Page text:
UP Centenarians’ Club: Louisa Kamppinen

Louisa Kamppinen at 100 years of age. (Photo courtesy of Marquette Regional History Center)


Marquette Regional

History Center

Special to the Journal

MARQUETTE — As part of the Marquette Regional History Center’s 100th birthday celebrations, we’re recognizing people who have also joined the “U.P. Centenarians’ Club” by reaching that milestone birthday.

One of those centenarians, Loviisa or Louisa Kamppinen, attributed her long life to hard work and to taking a deep interest in people. She never believed in napping or resting during the day. She also took a sauna every Saturday night during her entire life, the newspaper even made sure to note that she took one just three days before her 100th birthday!

Louisa Luomala was born Dec. 20, 1860 in Kauhajarvi, Finland, to sharecropper parents. As a young child, she survived a famine in 1865-68 although the memories remained with her for the rest of her life. Affecting Finland and Sweden, it was called “the great hunger years” and was the last major naturally caused famine in Europe. The famine killed about 8.5 percent of the entire population, although Louisa lived in an area that was harder hit than most and the death toll may have reached as high as 20 percent. It was during this famine, at the age of 7, that Louisa remembered spending two weeks taking care of a newborn infant while its parents gleaned for pine boughs in the forest.

At the age of 21, Louisa married John Kamppinen. In 1890, John decided to immigrate to America, leaving a pregnant Louisa in Finland with their three children. She miscarried just two weeks after he left. John also struggled during their separation. While looking for work, he reportedly walked from Buffalo, New York, to Sault Ste. Marie where he finally found a job with the Union Carbide Company, working on a canal-digging project.

It took John nine years to save the money to bring his family to join him in the United States. But when Louisa and the children arrived in Sault Ste. Marie, Ontario, he wasn’t there to meet them. She was so angry that she threatened to turn around and go back to Finland to continue raising her children on her own. Her brother, who had arrived to meet her, talked her into at least going to see her husband and they did reconcile. Initially the family lived in Cooks, near Manistique for a year or two before moving to Chatham in Alger County. Louisa and John had a total of nine children, six girls and three boys.

From 1900 until 1941, Louisa worked as midwife in the Chatham and Eben area, delivering hundreds of babies. She was always willing to be on call 24 hours a day for her services and she claimed the distinction of never having lost a mother or baby. She was particularly skilled at performing breech deliveries and it was not uncommon for her to act upon one of her “inner urgings.” There were times when she appeared at a laboring woman’s bedside even before anyone and notified or fetched her. She would often stay to help the family during the mother’s seven- to 10-day recuperation in bed.

Louisa had been educated to read at home, receiving her only formal schooling in confirmation classes. She was aghast to learn that one of her grandsons-in-law, a doctor, had trained for more than eight years to deliver babies.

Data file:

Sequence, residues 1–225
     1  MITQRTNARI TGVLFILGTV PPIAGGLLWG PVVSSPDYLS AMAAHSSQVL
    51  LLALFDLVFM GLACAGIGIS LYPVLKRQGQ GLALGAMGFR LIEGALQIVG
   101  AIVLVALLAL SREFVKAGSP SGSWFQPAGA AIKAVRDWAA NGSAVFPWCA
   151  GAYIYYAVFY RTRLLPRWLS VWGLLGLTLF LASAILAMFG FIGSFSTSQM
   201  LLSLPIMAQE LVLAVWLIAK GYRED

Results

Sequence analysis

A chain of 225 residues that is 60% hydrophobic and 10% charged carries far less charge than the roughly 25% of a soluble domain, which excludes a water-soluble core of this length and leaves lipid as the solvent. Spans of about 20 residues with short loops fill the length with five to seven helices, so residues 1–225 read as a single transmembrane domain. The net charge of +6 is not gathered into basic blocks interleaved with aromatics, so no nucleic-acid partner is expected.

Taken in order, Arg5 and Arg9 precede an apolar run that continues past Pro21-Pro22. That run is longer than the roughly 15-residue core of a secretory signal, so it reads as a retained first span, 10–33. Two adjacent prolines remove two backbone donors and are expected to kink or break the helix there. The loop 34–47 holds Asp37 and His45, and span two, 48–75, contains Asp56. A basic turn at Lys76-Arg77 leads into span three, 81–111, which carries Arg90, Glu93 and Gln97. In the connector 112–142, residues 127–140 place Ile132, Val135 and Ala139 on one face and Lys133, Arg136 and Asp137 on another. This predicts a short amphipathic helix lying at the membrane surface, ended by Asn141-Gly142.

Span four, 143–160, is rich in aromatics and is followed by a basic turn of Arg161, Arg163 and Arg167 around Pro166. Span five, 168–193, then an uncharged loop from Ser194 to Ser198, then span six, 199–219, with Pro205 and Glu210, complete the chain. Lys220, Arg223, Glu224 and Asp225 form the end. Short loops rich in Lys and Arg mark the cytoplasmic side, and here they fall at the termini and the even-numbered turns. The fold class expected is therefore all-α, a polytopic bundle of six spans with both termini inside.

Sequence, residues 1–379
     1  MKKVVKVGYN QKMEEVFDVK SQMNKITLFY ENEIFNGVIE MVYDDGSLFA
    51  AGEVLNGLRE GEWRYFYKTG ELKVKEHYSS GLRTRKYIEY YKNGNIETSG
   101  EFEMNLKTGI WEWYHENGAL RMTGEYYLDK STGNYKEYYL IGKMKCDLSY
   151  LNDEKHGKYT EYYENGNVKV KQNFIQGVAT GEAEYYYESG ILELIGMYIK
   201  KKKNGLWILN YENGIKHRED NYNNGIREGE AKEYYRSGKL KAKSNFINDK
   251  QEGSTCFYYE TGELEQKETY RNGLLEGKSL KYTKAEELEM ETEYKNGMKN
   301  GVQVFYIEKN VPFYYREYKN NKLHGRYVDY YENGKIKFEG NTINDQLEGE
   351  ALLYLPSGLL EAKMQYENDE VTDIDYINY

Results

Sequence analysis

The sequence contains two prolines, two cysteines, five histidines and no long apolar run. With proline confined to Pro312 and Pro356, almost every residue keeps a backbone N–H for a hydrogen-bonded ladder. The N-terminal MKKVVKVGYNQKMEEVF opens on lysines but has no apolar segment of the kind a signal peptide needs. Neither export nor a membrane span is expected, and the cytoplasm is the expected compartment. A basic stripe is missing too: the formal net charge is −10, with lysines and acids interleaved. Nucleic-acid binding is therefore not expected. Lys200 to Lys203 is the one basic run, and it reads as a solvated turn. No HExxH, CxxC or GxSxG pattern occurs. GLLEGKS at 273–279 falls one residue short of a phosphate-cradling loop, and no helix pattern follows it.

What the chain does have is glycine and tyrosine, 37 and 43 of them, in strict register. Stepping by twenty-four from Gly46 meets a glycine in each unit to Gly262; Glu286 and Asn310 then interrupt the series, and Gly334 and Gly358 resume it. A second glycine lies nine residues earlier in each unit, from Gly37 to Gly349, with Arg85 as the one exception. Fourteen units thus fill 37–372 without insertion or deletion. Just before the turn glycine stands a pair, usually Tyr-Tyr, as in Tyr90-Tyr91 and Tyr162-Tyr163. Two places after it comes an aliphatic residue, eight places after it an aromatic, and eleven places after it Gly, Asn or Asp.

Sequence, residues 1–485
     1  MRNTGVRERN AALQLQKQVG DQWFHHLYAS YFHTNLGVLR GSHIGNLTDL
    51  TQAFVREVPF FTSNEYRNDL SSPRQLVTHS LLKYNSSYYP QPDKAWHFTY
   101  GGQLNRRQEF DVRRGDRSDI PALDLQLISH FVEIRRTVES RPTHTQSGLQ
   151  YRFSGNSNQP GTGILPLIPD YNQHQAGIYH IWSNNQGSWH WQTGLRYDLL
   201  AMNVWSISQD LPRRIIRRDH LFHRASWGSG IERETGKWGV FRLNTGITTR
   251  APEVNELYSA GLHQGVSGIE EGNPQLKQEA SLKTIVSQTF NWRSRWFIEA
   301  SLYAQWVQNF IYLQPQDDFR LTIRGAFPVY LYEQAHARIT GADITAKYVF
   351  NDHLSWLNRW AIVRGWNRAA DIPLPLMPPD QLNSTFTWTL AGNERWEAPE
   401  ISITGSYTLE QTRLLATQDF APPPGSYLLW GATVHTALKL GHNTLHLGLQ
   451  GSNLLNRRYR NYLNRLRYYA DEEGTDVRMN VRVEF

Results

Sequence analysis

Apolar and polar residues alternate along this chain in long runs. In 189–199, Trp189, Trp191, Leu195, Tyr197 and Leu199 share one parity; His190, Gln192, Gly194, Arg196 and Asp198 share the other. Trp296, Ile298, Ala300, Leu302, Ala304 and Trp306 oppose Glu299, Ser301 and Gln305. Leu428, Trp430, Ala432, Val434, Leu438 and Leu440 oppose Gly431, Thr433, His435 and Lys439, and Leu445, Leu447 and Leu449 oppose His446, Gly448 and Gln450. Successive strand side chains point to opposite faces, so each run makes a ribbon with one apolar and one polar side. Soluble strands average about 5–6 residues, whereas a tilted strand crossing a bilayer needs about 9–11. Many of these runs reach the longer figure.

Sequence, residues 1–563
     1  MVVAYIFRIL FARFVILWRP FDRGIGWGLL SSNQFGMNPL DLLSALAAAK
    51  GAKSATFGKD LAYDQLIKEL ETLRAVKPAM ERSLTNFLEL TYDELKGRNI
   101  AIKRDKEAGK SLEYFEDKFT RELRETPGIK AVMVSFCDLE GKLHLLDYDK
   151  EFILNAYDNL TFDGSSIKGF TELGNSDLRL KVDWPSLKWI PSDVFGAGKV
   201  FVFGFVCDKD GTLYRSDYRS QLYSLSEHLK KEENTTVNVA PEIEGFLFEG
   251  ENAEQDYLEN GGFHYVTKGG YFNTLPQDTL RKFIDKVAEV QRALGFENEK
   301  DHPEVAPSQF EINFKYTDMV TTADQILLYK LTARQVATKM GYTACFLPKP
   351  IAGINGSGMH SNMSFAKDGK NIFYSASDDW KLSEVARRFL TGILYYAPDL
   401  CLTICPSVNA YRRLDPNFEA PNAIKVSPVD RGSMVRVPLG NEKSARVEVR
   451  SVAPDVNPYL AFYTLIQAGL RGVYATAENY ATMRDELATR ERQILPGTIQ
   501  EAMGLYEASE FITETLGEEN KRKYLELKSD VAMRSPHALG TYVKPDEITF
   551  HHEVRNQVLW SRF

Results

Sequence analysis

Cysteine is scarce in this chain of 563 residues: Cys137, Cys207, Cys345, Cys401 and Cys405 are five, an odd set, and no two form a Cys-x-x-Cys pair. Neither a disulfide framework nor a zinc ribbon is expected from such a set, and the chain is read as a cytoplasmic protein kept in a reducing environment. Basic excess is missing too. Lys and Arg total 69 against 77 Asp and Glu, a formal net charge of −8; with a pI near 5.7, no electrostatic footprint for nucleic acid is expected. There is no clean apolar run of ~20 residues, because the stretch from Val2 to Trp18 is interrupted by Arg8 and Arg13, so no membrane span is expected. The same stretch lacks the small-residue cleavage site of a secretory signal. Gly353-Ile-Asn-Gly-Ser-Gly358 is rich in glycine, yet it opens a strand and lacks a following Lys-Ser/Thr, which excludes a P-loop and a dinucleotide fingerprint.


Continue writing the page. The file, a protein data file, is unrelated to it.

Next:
Louisa’s husband, John, died from a heart attack in December 1917. After his death she supported her family by weaving fancy carpets and raising cows, in addition to her midwifery work. She also prepared the dead for burial in the days before modern funeral home.

Louisa spent her last years living in a small cottage. It had originally been built in her son Matti’s yard, but which later relocated to a wooded setting (probably after Matti’s death). Her youngest daughter and son-in-law, Saima and John Leppanen lived there with her.

She lost her sight to cataracts, leaving her feeling dizzy and reluctant to be moved about in a wheelchair, much preferring the familiar motion of her wooden rocker. Even with her infirmities, her mind was still quite sharp. When people came to visit her, she would hold their hands and after hearing a few words, she would recognize them.

She never learned to speak English, as many people in the community still spoke Finnish. She relied on family members to interpret for her when the need arose. After losing her sight, she would ask to be read to daily from the Finnish-American newspaper she subscribed to, as well as from her own well-worn Bible.

She was a life-long member of the Apostolic Lutheran Church and whenever she was able, continued attending services even into her 100s. She particularly liked singing the old Finnish hymns and was quite strict in spending Sundays and holy days in quiet contemplation, reading her Bible.

Louisa Kamppinen died peacefully in her sleep on July 21, 1966 at the age of 105. At the time she was the oldest person of Finnish descent in the world, according to the Lutheran Church in Finland. She was also the oldest resident of the Upper Peninsula and the third oldest person in the state. She outlived eight of her nine children and her oldest granddaughter, Fannie Hallstrom, who died just two days before Louisa. Even with all of these losses she was survived by 153 descendants, including her youngest child, Saima, 22 grandchildren, 81 great-grandchildren and 49 great-great-grandchildren.